Of course we all agree that the objective of the international community must be to prevent war. I therefore emphasise that a peaceful solution must be sought. Armed conflict is a last resort.

We must not forget, however, that Iraq is a dictatorship under the tyranny of Saddam Hussein, where all human rights are trampled on. The most peaceful solution would be for Saddam Hussein and his cronies to go into exile so that Iraq could be disarmed without armed intervention. With people like Saddam, diplomatic solutions are useless unless they are backed by threat of military force

We should keep in mind that there is no way that we can call the United Nations to account for the current situation in Iraq. Responsibility for that lies with Saddam Hussein's reign of terror. He has shown that he has no qualms in oppressing his own people. The international community must show its resolve and the United Nations its strength. The United Nations' handling of this matter must leave no one in any doubt about its authority and ability to carry out its decisions. The United Nations have a fundamental role to play, and no other organisation can take its place.

The position of the Icelandic Government can be summarised as follows:

Iraq has not complied with UN Resolution 1441, which states that this can have serious consequences.
Saddam Hussein can still save his people from conflict by complying with the instructions of the United Nations to the Government of Iraq.
The weapons inspection team should be granted more time.
Iceland supports a peaceful solution and war is a last resort.


Mr. Speaker.
The security and defence arrangements around the world reflect the international political and economic trends. In the wake of the Cold War, a process of adaptation began in European security affairs, which have gained increased weight and new relevance in light of the terrorist attacks on the United States. The threats against Europe have not vanished; they have changed. In place of the previous balance of terror, we are confronted by the danger of deadly attacks by terrorist groups, even armed with weapons of mass destruction. Such groups could, with the least of provocation, attempt to blackmail democratic countries with threats of bloodshed or destruction, possibly with the support of rogue states. In spite of the sense of security, which has been created in the stability of recent years, nothing can be taken for granted as far as European security is concerned, and the need for a strong defence is no less than it was before.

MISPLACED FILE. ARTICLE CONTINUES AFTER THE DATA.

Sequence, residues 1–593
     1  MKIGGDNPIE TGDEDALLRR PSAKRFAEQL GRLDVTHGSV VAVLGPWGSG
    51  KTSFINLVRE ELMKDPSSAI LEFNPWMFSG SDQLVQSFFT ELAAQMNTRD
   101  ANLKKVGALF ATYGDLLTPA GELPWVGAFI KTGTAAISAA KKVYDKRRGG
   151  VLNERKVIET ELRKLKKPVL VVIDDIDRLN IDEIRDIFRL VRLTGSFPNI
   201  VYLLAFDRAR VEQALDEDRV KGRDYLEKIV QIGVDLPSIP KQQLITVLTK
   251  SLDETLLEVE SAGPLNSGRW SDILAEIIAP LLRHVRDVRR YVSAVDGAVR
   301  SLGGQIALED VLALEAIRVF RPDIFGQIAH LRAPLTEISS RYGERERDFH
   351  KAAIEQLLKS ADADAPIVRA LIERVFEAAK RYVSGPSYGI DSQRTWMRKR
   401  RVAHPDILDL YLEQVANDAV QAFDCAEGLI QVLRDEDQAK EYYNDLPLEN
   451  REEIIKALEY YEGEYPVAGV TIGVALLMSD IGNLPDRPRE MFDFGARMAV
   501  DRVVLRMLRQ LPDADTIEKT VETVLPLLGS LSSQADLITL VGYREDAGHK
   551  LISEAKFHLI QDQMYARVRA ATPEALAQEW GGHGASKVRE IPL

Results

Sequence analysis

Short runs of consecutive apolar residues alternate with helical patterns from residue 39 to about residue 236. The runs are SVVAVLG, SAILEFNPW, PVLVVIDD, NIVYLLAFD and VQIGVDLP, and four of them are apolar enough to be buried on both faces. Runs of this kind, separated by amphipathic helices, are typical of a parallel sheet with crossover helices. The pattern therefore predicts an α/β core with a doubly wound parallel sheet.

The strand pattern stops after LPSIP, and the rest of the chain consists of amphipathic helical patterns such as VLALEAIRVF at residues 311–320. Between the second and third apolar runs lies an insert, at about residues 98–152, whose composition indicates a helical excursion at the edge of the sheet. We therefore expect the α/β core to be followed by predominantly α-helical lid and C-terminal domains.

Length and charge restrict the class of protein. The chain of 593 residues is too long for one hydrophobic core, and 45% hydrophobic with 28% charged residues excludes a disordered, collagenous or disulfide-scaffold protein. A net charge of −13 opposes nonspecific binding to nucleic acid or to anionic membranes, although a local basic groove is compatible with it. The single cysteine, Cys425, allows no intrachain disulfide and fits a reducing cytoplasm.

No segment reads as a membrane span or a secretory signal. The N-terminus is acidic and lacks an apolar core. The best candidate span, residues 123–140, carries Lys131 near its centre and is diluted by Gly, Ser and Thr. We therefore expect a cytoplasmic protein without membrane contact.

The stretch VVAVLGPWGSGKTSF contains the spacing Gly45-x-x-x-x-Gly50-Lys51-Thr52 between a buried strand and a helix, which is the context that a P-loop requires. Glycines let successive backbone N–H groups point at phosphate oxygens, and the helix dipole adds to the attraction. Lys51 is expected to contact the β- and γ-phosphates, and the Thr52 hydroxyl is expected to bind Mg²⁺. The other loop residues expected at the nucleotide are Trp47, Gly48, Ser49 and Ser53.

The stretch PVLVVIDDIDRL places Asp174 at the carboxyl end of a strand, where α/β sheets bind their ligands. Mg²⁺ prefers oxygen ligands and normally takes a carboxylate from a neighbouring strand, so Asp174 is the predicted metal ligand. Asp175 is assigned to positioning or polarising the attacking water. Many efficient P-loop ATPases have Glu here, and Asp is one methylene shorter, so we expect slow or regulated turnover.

There is no doubt in anyone's mind that the disagreement caused by the Iraq issue within NATO was a serious matter. Even though the problem has been solved, following difficult discussions, it is clear that it will take time for all the wounds to heal. The issue did not concern the position of individual states with regard to possible action against Iraq, but the timing of a decision to implement defence plans relating to Turkey. One of the Member States, France, would not relent and so the decision was made to bring the matter to a conclusion in a forum where France does not have a seat, i.e. in the NATO Defence Planning Committee. In the Committee, Belgium and Germany were persuaded to come aboard and overcome the impasse, as Secretary General Lord Robertson put it.

It is a matter of concern for Iceland if NATO is marginalised and placed outside the central course of events, and there is a potential risk of a dispute of this kind rising again. Such an eventuality might increase the risk that the United States or other countries might choose to take measures without consultation with or approval by NATO. The essential consultation between the United States and Europe might increasingly be conducted outside the perimeters of NATO, even in direct discussions between the United States and the European Union, when decisive decisions are made concerning security and defence. However, the disagreement within the European Union in recent weeks concerning the Iraq dispute indicates that a Common Defence and Security Policy for the EU is still a considerably long way off.

Nevertheless, there are plans to deepen and widen EU co-operation in foreign policy, security and defence. Our own co-operation with the European Union could therefore become more complex and touch upon a wider range of fundamental issues than the internal market and the European Economic Area. In our relations with the European Union we must therefore increasingly take this into account and consider how we can best preserve our security and defence interests within the forum of the European Union. The enlargement of the European Union makes these questions even more urgent.